Warning: Economics. In this episode, we begin with Eisler’s testimony before the skeptical Senators of the Committee on Banking and Currency in Washington, D.C. on January 20, 1934, in which he proposed that the nation adopt a dual currency system to control inflation and end the Great Depression. I (a non-economist) talk about what this means with noted economist Miles Kimball, who has recently brought renewed attention to Eisler’s plan in his own work. We also learn about Eisler’s theory of who actually wrote what we call the Gospel of John, talk with Steven Wasserstrom about Eisler’s brief involvement with Carl Jung and the Eranos Conference, and interpret a “dream poem” that Eisler recorded at his mother’s house in 1936.
Guests: Guests: Miles Kimball (The University of Colorado-Boulder), Steven Wasserstrom (Reed College).
Voice of Robert Eisler: Caleb Crawford
Additional voices: Brian Evans
Music: “Shibbolet Baseda,” recorded by Elyakum Shapirra and His Israeli Orchestra.
Funding provided by the Ohio University Humanities Research Fund and the Ohio University Honors Tutorial College Internship Program.
Special thanks to the Warburg Institute.
Bibliography and Further Reading
Buiter, Willem H. “Is Numérairology the Future of Monetary Economics? Unbundling Numéraire and Medium of Exchange Through a Virtual Currency and a Shadow Exchange Rate.” NBER Working Papers 12839. National Bureau of Economic Research, Inc., 2007. DOI:10.3386/w12839.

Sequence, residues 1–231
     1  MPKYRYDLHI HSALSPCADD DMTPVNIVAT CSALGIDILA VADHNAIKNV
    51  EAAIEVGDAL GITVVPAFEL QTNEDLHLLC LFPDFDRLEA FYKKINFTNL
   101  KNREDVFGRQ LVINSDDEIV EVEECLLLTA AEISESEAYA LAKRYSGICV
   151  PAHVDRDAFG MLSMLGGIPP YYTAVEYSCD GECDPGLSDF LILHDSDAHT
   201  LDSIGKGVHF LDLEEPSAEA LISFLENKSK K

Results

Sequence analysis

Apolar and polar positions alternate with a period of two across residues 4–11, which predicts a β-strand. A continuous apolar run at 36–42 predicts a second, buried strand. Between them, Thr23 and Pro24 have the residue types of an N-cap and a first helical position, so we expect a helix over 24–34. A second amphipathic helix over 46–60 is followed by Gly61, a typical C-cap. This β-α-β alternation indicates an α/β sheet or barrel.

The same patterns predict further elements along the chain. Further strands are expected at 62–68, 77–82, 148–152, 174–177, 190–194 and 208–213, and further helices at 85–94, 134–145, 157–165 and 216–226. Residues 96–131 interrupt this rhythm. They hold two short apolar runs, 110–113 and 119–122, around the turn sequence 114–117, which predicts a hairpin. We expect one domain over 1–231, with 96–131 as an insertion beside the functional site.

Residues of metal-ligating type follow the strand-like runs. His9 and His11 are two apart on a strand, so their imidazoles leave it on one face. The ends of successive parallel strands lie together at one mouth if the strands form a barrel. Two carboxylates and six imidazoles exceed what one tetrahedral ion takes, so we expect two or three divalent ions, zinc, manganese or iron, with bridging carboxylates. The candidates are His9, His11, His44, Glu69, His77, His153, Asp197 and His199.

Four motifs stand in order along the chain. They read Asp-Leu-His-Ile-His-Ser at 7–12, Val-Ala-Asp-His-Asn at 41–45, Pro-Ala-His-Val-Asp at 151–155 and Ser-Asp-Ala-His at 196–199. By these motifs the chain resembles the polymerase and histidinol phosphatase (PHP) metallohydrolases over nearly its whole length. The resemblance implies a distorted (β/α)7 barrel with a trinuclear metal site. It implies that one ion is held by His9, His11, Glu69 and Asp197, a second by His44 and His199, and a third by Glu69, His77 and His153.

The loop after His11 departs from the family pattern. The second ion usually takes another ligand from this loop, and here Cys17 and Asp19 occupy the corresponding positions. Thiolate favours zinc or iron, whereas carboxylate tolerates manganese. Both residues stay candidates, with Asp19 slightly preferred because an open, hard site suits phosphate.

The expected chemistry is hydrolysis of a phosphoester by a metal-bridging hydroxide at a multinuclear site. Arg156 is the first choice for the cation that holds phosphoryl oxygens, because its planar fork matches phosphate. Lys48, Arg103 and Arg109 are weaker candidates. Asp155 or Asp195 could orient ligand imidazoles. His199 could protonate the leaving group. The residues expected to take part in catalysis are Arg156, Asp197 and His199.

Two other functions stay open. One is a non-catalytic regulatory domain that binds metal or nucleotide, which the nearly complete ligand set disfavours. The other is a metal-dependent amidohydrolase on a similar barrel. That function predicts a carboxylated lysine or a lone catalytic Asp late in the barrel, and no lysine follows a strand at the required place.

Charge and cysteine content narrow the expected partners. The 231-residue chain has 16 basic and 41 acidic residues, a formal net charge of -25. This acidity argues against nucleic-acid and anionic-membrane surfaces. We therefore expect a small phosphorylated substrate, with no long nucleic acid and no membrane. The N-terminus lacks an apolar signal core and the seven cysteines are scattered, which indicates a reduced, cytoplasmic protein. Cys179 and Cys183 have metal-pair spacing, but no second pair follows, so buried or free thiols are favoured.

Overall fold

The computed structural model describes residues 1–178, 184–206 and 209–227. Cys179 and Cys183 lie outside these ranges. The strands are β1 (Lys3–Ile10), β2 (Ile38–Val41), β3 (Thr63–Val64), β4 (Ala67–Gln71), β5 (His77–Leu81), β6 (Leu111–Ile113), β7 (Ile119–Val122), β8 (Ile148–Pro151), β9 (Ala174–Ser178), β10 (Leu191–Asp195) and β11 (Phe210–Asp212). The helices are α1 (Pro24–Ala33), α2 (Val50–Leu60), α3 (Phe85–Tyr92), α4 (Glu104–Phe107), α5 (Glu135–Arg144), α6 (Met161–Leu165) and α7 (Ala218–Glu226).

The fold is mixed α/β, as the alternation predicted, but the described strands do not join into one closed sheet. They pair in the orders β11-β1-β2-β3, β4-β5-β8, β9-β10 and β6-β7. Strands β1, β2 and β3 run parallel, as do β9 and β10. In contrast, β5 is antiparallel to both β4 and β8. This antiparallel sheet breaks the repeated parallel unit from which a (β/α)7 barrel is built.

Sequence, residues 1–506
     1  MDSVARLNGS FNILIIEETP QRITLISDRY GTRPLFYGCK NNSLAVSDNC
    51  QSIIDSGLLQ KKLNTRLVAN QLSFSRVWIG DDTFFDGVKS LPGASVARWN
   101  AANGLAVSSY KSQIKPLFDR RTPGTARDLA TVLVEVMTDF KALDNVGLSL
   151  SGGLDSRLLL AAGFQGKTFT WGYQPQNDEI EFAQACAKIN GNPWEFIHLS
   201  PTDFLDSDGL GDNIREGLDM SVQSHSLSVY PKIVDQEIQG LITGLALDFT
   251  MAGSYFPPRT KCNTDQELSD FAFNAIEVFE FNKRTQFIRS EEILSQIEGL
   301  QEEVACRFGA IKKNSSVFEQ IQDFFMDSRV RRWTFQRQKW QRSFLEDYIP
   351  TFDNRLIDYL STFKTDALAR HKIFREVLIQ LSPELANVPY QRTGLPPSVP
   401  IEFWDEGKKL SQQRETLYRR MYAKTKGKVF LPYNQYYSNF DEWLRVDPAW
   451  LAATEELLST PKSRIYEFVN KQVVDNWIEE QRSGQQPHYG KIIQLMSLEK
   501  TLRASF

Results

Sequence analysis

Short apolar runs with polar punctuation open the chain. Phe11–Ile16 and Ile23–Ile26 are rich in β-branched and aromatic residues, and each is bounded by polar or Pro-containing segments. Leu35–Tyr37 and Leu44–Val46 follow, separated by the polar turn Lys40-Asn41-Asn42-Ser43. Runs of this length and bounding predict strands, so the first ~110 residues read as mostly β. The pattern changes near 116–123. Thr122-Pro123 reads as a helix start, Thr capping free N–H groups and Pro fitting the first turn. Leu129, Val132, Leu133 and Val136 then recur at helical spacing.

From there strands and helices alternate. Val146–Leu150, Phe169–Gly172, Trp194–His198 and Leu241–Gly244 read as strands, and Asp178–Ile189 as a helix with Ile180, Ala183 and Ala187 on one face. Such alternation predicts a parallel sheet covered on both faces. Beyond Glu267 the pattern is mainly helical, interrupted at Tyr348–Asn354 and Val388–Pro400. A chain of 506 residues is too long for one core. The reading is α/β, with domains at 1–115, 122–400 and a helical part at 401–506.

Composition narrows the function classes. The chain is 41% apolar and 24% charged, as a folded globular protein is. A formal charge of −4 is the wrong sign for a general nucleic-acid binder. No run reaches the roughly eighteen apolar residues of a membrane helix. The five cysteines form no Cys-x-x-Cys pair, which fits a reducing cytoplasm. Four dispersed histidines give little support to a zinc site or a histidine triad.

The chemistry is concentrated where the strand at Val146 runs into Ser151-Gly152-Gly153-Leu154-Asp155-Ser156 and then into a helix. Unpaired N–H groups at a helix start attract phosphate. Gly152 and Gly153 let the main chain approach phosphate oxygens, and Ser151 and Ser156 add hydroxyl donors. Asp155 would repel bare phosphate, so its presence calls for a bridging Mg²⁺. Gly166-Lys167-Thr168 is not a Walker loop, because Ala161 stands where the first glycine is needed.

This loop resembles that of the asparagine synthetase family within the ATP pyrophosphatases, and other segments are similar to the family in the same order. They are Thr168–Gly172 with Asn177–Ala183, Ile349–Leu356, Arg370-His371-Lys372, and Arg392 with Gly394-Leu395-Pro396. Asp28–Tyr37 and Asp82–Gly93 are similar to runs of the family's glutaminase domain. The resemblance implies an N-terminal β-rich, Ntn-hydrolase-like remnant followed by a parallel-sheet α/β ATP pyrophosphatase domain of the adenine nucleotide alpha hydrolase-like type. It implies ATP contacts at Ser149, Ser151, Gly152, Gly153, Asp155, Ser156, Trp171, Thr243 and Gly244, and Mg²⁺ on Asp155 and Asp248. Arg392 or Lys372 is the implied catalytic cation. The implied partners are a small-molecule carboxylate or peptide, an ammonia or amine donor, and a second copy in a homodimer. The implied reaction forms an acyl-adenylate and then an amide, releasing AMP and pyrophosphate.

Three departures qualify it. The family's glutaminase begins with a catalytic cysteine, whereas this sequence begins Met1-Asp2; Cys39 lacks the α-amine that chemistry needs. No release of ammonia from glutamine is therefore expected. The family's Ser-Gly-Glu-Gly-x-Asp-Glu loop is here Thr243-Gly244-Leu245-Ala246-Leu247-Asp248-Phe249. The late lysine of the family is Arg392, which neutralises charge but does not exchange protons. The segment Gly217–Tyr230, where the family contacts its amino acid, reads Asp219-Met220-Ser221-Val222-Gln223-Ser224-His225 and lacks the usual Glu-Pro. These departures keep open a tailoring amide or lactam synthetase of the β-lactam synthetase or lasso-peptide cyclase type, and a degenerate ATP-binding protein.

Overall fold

Buiter, Willem H. and Panigirtzoglou, Nikolaos. “Overcoming the Zero Bound: Gesell vs. Eisler. Discussion of Mitsuhiro Fukao’s “The Effects of ‘Gesell’ (Currency) Taxes in Promoting Japan’s Economic Recovery.” International Economics and Economic Policy 2, no. 2/3 (2005): 189-200.
Eisler, Robert. The Enigma of the Fourth Gospel. London: Methuen & Co., 1938.
———. Stable Money: The Remedy for the Economic World Crisis: A Programme of Financial Reconstruction for the International Conference. London: The Search Publishing Co., Ltd., 1932.
———. This Money Maze: A Way Out of the Economic World Crisis. London: The Search Publishing Co., Ltd., 1931.
———. Das Geld: Seine geschichtliche Entstehung und gesellschaftliche Bedeutung. Munich: Diatypie, 1924.
Eisler, Robert and Alec Wilson. The Money Machine: A Simple Introduction to the Eisler Plan. London: The Search Publishing Co., Ltd., 1933.
Gold Reserve Act of 1934: Hearings Before the Committee on Banking and Currency, United States Senate, Seventy-Third Congress, Second Session on S. 2366: A Bill to Protect the Currency System of the United States, to Provide for the Better Use of the Monetary Gold Stock of the United States, and for Other Purposes, Revised January 19-23, 1934. Washington, D.C.: United States Government Printing Office, 1934
Hakl, Hans Thomas. Eranos: An Alternative Intellectual History of the Twentieth Century. Montreal: McGill-Queen’s University Press, 2013.
Keynes, John Maynard, Paul R. Krugman, and Robert Jacob Alexander Skidelsky. The General Theory of Employment, Interest, and Money. Cham, Switzerland: Palgrave Macmillan, 2018.
Kimball, Miles. “Pro Gauti Eggertsson.” Confessions of a Supply Side Liberal. June 27, 2016. Last Accessed July 7, 2020.
Wasserstrom, Steven M. Religion after Religion: Gershom Scholem, Mircea Eliade, and Henry Corbin at Eranos. Princeton: Princeton University Press, 1999.
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Associate Professor Brian Collins is the Drs. Ram and Sushila Gawande Chair in Indian Religion and Philosophy at Ohio University. He can be reached at email@example.com.